Wednesday, 26 March 2014

GULLFEST 2014 - Part 2 - Seabirds of Hornøya & Ekkerøy

Brunnich's Guillemot - One of the coolest lifers of the trip. Great to see so many. While there are 'only' 500-600 pairs breeding on the island of Hornøya, the non-breeding flocks on the Varangerfjord are something out of this world with several thousand seen (mainly 1st summer/non-breeding plumage types.) While Common Guillemots are usually pretty showy on the island, Brunnich's generally nest in more inaccesible places, however the above and below bird put on quite a show and strutted around like a little penguin at point blank range.
Really clean flanks on Brunnich's compared to Commons (which is even more obvious with the heavier flank and belly markings of hyperborea Guillemots),
The white bar on the secondaries is more broad on in the inner secondaries, but unlike Razorbill, the Brunnich's wing bar tapers as it gets to the outer secondaries so it us more of a comma shape.
The number of breeding Puffins on Hornøya is ridiculous at about 15,000 pairs! Got fantastic views of lots 'playing' in the snow and then having c7000-8000 circling above our heads.

It was great to see breeding plumage Shags again and even more curious to see them in the snow. Really lovely colour tones coming through with the interesting light reflections.
While there was a fantastic population of Kittiwakes on Hornøya and pretty much every coastal building with ledges on the Varangerfjord, the colony at Ekkerøy was superb! A ridiculous number that would flush together from the cliffs as Ravens patrolled.

Beautiful birds when you get a proper chance to look at them.
German birder Jörg Kretschmer showing the edge of what is possible with digiscoping....flight shots in a seabird colony with a hand held scope! So amazing to watch! He even showed us a shot he took of a flying Small White butterfly! How is that even possible?!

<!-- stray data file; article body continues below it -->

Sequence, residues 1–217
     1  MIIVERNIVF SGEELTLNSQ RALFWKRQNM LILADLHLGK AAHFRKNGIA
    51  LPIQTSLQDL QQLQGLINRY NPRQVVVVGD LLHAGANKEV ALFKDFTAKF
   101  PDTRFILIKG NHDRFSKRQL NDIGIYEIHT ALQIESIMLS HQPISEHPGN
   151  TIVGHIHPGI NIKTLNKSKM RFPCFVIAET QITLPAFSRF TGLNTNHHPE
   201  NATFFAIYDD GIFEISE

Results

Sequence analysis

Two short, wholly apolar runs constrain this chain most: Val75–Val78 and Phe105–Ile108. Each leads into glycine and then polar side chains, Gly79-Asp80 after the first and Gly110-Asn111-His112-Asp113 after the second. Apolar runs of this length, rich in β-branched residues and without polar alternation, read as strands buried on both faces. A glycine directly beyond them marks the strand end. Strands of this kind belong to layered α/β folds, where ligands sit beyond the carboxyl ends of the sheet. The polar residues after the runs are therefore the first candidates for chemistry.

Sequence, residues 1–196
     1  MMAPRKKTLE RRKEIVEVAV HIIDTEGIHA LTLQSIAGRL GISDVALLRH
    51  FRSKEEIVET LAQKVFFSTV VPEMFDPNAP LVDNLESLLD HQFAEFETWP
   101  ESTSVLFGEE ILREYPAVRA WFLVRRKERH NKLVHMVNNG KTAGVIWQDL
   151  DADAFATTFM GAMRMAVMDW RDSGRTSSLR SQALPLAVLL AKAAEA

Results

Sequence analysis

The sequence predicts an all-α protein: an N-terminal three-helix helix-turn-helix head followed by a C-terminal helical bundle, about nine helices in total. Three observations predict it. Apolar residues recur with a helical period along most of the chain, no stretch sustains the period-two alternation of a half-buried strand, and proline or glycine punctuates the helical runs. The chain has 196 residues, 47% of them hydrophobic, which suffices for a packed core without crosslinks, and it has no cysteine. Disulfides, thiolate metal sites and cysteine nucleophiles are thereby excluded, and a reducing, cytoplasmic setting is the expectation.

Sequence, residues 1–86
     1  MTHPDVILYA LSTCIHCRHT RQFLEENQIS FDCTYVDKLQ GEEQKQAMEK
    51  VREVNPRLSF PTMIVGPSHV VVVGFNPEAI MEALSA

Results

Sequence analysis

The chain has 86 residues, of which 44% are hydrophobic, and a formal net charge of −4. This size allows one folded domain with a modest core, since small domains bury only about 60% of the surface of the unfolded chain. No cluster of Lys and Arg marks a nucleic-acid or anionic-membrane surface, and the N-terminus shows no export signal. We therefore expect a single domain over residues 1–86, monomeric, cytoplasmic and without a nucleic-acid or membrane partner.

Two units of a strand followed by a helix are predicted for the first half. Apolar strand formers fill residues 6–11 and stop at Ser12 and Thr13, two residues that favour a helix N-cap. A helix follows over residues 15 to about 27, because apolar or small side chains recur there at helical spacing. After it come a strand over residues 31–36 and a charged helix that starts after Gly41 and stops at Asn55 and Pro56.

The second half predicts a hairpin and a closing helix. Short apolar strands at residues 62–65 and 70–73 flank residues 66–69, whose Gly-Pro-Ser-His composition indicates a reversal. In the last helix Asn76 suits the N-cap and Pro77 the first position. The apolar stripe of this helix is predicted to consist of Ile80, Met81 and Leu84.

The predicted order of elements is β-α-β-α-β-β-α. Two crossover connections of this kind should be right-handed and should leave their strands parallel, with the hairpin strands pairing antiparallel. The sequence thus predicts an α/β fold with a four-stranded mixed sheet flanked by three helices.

hyperborea 'Arctic' Guillemots
I would say that Brunnich's, being the one lifer from the seabird colonies was the best, but I was very interested in the Common Guillemots. They are of the race hyperborea, at least the identifiable ones were. On the paler end of the scale, they are hard to split from the Southern race of Guillemot that breed in England.

The above two and single below photos show individuals at the high end scale of hyperborea. The vast majority have some heavy barring on the flanks, but I noted at least 20 individuals with markings quite as heavily barred as the above birds. Some had a couple of fleckings in the breast, but the above birds were fantastic! I also noted that the dark birds were lacking a wing bar on the secondaries which accentuated the darkness.
In addition, all of the really dark birds appeared to be Bridled that I saw. The split in the colony was about 50/50 though between Bridled and non. I wonder if the non-bridled birds can show up as this dark?
I noticed an awful lot of Guillemots on Hornøya having orange legs. The same applied with Brunnich's with 50% of Brunnichs' feet observed were orange...another possible feature of northern birds perhaps? I'll have to scrutinize UK birds from now on.
As previously mentioned by Martin Garner, he noted spotted on the otherwise white underwing coverts.  I only got a chance to scrutinize c10 and I wouldn't say this was a standardized feature throughout as several seemed all white.

As previously mentioned. The flank streaking was extraordinarily variable with several Guillemots looking rather pale which occasionally made picking out the clean Brunnich's more difficult.

Very interesting learning in a fantastic place!

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